Suborbital Research Scientists Complete Training at NASTAR

nastarcentrifuge

COMMERCIAL SPACEFLIGHT FEDERATION PRESS RELEASE
January 14, 2010

Showcasing the growing interest in conducting research and education missions aboard commercial suborbital spacecraft, eleven researchers including members of the Commercial Spaceflight Federation’s Suborbital Applications Researchers Group (SARG) successfully completed a training program yesterday at The National Aerospace Training and Research (NASTAR) Center in Pennsylvania.

The training included classroom instruction, altitude chamber training, multi-axis centrifuge training for launch and reentry accelerations, and several distraction factor exercises, simulating the conditions that scientist-astronauts will experience during future missions to 100 km altitude.

“For this diverse group of scientists to invest their own time and money for astronaut training is a true testament to the growing excitement behind the science potential of new commercial spacecraft,” said Dr. S. Alan Stern, chairman of SARG and a principal organizer of the scientist training program. “Interest was so high that we’ve already filled up a second class of a dozen scientists for spring 2010.”

“Just as important was the training success rate from this week,” added Stern. “Of the 11 scientists, a diverse group of men and women ranging from 26 to 52 years old, 100% of them passed the centrifuge training, and all but one passed the altitude chamber training. That’s not only impressive, but bodes well for regular researchers being able to accompany their laboratory equipment to space in the years to come.”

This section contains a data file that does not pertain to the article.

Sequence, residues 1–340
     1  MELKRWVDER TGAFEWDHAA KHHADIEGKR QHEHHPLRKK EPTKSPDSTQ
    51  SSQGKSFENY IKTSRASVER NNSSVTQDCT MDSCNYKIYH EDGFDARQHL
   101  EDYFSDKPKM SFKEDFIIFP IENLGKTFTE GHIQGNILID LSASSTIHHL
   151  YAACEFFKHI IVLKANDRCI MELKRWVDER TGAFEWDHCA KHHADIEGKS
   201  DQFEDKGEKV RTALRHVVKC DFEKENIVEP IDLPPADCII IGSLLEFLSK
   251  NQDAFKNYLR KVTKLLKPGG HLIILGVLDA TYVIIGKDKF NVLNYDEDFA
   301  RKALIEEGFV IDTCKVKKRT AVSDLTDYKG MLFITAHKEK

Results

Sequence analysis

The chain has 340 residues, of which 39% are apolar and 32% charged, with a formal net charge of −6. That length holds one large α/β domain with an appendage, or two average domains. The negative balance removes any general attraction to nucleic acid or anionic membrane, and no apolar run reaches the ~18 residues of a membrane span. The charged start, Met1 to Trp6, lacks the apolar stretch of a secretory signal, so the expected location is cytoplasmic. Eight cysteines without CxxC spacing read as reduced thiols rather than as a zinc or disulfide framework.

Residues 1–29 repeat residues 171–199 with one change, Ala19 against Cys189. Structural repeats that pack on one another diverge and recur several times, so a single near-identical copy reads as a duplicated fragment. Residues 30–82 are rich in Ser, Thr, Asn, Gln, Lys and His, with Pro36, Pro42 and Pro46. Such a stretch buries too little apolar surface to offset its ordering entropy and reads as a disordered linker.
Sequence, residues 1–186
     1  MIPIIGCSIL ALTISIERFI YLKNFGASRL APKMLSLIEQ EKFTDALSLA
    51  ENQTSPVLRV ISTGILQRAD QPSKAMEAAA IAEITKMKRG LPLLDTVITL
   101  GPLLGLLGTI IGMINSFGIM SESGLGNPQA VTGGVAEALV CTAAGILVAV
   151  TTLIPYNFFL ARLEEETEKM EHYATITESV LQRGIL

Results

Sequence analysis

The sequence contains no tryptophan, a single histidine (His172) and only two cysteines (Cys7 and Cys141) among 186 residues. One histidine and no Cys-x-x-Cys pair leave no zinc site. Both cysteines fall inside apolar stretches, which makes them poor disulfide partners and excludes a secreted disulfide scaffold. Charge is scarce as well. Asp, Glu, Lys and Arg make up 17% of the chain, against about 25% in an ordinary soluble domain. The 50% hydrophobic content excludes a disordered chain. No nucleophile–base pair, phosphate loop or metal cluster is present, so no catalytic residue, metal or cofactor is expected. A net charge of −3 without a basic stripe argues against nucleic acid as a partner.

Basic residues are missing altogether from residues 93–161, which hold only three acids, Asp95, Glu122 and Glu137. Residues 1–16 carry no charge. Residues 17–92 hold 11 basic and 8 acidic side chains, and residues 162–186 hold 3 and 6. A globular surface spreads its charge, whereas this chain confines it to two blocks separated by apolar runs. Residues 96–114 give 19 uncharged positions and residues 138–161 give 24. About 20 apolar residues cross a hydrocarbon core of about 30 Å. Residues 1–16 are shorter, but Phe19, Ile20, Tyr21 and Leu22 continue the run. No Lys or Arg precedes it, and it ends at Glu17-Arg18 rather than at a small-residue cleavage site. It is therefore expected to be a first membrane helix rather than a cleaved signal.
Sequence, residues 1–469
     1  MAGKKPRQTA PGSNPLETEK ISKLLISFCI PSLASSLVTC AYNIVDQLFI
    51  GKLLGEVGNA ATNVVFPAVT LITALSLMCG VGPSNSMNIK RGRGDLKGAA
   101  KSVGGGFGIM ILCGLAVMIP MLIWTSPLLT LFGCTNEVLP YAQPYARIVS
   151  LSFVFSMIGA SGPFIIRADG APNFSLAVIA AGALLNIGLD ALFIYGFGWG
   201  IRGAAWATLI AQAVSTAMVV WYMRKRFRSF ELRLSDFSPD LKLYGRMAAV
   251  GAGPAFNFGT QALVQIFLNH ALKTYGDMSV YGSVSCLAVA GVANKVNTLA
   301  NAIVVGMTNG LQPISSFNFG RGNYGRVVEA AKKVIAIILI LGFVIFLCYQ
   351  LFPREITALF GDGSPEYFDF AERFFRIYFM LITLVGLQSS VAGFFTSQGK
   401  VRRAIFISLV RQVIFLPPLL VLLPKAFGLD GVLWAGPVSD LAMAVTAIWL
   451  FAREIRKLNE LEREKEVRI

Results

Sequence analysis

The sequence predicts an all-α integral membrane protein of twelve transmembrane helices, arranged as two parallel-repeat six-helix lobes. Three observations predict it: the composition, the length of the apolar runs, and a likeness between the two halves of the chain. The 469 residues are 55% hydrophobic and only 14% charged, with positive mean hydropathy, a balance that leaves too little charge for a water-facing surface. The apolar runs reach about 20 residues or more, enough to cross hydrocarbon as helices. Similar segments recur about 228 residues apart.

“We are constantly impressed with the enthusiasm of the scientific community for the potential of next-generation commercial reusable spacecraft, such as those being developed by Armadillo Aerospace, Blue Origin, Masten Space Systems, Virgin Galactic, and XCOR Aerospace,” added John Gedmark, Executive Director of the Commercial Spaceflight Federation. “We’ve had tremendous interest at recent science workshops we’ve conducted at the Jet Propulsion Laboratory, the American Geophysical Union annual conference, and the Aerospace Medical Association annual conference, with over 150 scientists attending in total.”

Brienna Henwood, Business Development and Program Manager for Space and Research at The NASTAR Center, stated, “I am thrilled to add the Suborbital Scientist Course to our current offerings. The course is more than just physiology training, it provides an overview about suborbital research and is ideal for anyone interested in learning more about the growing opportunities that rest within the commercial spaceflight industry.”

Institutions sending researchers, students and graduate students to the inaugural program included Southwest Research Institute (SwRI), Boston University, the Denver Museum of Natural Sciences (DMNS), the Johns Hopkins University Applied Physics Laboratory (APL), the Massachusetts Institute of Technology (MIT), the University of Central Florida (UCF) and the Universities Space Research Association (USRA).